We were thrilled to co-sponsor a compelling event–in person and virtually–with FCW that showcased senior-level cyber leaders from federal defense, civilian and intelligence agencies. The half-day event centered around the need for agencies to extend more cybersecurity efforts to prevention in addition to after-the-fact detection. That significant task has many complex facets that our speakers noted requires a “whole of government” and in some instances a “whole of society” approach.
We’ve summarized a few highlights from the day’s presentations and panel discussions below. Be sure to check out our event recap page for full recordings of these insightful, informative sessions.
Prevention and Detection in a Zero Trust Cybersecurity Environment
The day’s keynote address was given by Major General Matthew Easley, Director for Cybersecurity and Chief Information Security Officer (CISO) in the office of the Army Chief Information Officer (CIO). MG Easley discussed how federal cybersecurity regulations are modernizing rapidly due to the evolving nature of the threats the country is facing.
MG Easley explained that the White House Executive Order on Improving the Nation’s Cybersecurity is making every federal agency evaluate their current security posture and identify short- and long-term tasks to improve cyber resilience, including prevention and detection of attacks. Noting that “we have enough frameworks” to guide the necessary action, MG Easley touted the five functions of the NIST cyber framework–Identify, Protect, Detect, Respond, Recover–as excellent guidance that should be followed more closely. He also described how Zero Trust—the key element of Executive Order 14028– will become the glue for security across the entire Army organization.
Cyber Defense at Government Scale
MG Easley’s address was followed by a panel discussion featuring Sudha Vyas, Chief Cybersecurity Architect, DOD CIO; Terry Mitchell, Principal Cyber Advisor, Office of Under Secretary of the Army; and Ken Walker, CTO, Owl Cyber Defense.
The panelists discussed issues around enforcement of cybersecurity mandates, and ensuring budget to cover expanding cyber requirements. Ken Walker discussed the National Cross Domain Strategy Management Office (NCDSMO) and its Raise-the-Bar (RTB) requirements to which Owl’s hardware-enforced security technologies are subject. Panelists noted that while cyber spending authorities exist for their agencies, it is essential to ensure that budget is spent on the right technologies at the right time, which requires insight and planning. Collaboration and partnership with the private sector are essential to understanding best practices and appropriately invest efforts and resources.
Panelists also discussed the cyber talent shortage and stiff competition with the private sector for modern skillsets that come with high price tags. Mitigation approaches were suggested, such as adjusting cyber talent compensation and work assignment norms, increasing hiring outreach to military veterans, patterning a workforce growth effort similar to the GI Bill, and appealing to people’s willingness to help defend the country. Panelists noted the importance of overcoming security inertia within agencies, where they often end up fighting yesterday’s problem.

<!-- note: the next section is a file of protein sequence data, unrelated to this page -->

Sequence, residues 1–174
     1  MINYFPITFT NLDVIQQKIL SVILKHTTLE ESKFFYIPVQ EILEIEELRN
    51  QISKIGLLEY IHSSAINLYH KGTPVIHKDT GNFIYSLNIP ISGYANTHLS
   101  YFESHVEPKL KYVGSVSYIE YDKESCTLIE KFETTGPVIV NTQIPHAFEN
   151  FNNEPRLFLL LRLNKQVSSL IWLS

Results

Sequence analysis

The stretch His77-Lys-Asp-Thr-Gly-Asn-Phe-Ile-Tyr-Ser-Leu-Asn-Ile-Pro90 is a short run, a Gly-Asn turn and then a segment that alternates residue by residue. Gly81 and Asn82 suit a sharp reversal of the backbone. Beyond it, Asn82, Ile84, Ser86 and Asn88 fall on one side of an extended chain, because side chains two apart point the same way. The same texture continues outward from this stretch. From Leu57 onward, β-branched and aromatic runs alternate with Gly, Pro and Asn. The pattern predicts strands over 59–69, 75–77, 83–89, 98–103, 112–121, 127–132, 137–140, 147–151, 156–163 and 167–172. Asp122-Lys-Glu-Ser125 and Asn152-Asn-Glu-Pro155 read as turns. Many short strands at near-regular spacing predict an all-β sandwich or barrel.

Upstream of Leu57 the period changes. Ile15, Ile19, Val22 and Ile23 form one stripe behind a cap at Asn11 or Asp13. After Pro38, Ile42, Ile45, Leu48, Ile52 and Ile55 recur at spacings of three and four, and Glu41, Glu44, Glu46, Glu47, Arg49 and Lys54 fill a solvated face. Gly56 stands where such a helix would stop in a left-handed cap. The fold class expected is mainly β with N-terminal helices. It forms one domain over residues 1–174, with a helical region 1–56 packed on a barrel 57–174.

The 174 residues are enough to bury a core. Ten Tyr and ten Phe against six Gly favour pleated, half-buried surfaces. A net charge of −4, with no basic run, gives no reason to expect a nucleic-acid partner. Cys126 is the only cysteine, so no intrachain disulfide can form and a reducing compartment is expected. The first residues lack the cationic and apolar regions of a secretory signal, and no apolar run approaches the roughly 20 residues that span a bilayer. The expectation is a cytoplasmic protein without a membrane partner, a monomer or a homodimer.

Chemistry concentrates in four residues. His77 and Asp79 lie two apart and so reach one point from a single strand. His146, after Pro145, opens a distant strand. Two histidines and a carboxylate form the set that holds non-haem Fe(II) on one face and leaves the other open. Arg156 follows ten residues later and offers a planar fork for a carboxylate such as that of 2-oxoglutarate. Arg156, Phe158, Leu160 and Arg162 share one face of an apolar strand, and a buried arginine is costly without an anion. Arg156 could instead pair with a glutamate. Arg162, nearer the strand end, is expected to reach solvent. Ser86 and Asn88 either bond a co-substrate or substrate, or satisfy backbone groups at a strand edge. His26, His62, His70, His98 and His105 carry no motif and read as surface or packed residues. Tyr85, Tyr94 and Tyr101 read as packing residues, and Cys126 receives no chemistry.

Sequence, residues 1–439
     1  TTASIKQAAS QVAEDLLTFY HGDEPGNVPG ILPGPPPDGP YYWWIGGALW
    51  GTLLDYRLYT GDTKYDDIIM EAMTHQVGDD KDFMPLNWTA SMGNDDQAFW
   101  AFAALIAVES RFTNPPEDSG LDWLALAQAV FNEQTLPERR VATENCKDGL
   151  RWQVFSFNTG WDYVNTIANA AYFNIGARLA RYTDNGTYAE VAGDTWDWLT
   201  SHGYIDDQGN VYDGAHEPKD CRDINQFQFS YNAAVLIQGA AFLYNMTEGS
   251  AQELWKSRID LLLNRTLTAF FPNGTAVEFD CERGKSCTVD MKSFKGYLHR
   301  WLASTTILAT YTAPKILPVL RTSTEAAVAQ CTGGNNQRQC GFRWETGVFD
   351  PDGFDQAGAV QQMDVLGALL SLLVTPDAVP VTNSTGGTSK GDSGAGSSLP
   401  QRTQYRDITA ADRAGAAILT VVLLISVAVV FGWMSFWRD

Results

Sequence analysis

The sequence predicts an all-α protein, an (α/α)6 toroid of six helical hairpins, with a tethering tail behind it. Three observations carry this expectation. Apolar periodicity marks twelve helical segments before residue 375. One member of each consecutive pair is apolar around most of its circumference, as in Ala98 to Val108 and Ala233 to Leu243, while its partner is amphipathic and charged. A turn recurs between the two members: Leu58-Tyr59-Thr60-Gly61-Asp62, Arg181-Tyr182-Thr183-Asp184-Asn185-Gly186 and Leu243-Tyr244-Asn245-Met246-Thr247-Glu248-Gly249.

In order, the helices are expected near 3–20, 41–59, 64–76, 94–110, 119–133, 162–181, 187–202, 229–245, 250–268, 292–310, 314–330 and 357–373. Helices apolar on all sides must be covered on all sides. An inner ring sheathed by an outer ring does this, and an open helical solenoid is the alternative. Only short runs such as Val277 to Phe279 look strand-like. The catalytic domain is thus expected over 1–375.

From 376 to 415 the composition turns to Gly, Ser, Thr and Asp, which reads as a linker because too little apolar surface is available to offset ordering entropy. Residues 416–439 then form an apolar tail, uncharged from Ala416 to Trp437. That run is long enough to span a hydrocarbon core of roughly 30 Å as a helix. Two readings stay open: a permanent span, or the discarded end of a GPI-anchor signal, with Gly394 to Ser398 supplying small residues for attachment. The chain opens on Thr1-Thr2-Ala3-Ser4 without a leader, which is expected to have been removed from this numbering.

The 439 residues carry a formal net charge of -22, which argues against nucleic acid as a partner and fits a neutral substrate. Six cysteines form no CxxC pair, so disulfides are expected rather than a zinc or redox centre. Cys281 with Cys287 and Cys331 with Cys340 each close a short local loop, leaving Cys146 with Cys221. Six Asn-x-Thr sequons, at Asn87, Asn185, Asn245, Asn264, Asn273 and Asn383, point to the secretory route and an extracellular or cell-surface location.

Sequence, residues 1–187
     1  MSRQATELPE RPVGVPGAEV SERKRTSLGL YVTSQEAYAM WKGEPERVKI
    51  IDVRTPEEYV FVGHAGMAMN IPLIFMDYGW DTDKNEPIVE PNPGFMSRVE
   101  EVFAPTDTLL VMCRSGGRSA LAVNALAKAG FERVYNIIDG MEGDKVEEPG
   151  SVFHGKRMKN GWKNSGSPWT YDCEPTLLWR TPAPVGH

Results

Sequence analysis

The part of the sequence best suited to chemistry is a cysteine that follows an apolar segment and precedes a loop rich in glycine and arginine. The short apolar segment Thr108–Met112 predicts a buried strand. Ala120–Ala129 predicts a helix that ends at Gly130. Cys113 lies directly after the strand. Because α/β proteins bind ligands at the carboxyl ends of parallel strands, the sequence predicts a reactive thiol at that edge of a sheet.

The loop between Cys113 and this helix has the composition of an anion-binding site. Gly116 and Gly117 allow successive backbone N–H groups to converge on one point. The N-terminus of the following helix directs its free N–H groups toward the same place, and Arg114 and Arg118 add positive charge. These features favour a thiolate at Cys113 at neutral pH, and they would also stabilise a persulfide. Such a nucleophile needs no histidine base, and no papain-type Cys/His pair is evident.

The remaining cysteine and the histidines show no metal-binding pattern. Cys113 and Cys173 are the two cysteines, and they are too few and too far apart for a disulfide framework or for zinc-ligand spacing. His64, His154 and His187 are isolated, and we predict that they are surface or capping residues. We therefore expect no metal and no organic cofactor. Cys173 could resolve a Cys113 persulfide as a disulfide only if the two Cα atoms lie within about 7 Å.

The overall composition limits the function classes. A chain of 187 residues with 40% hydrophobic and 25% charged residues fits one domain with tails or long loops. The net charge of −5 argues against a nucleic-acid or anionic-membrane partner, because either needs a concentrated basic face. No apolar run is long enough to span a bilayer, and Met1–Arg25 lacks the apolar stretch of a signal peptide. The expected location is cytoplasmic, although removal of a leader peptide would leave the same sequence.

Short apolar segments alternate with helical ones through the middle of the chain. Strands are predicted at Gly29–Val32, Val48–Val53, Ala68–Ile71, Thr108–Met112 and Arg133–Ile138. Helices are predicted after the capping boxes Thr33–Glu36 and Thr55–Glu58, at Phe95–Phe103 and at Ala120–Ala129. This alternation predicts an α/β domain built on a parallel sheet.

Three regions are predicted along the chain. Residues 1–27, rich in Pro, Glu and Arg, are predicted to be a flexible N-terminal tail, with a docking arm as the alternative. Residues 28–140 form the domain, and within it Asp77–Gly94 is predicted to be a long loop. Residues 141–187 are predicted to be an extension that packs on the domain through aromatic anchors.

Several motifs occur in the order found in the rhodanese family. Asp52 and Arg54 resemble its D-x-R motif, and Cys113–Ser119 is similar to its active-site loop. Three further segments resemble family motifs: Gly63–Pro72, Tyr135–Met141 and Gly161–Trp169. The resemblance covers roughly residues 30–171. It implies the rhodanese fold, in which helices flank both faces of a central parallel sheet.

Cybersecurity Secrets for CISOs: Courtesy of the Russian FSB
Gregory Crabb, former CISO of the United States Postal Service and now founder of 10-8 LLC cyber consultancy, shared compelling stories about working with the deputy head of the Russian FSB (national security service) to track an international crime ring, and how digital and physical crimes overlap when mailing of goods is involved.
Cyber Risk is Business Risk: How the FBI Can Help
Herbert Stapleton, Deputy Assistant Director, Cyber Division, FBI, gave a talk on the FBI’s role in preventing and mitigating cyber attacks on private sector organizations. He referenced the various federal entities that take a pivotal role in addressing cyber crime, including the Secret Service, the USPS and sector risk management agencies, and how instituting a centralized breach notification system would help aggregate valuable cyber incident data.
Making the case for the private sector to increase cyber threat intelligence-sharing, Deputy Assistant Director Stapleton emphasized the FBI’s goal of being “left of theft” to prevent significant intrusions from happening in the first place, and to impose risk and consequences for threat actors. He also asked for the private sector’s help in both enabling and taking advantage of investigations when private sector companies are attacked. As he noted, “SolarWinds left many companies exposed to a national security threat, even though they had nothing to do with national security.” We need a whole of society effort to address the challenge.
The event’s agenda concluded with a question and answer session involving all of the speakers, covering a wide range of questions around budget analysis and allocation, talent acquisition and retention, Zero Trust, data privacy and more. Owl’s Ken Walker closed the day noting that an effective cyber strategy comes down to a deep understanding of your data, better preventive measures, and having multiple levels of security across an agency’s entire infrastructure for a defense-in-depth posture.
We sincerely thank all of those who attended this event in-person and virtually. To find out how Owl can help your organization meet tomorrow’s cyber challenges, contact us today to schedule a consultation with one of our experts.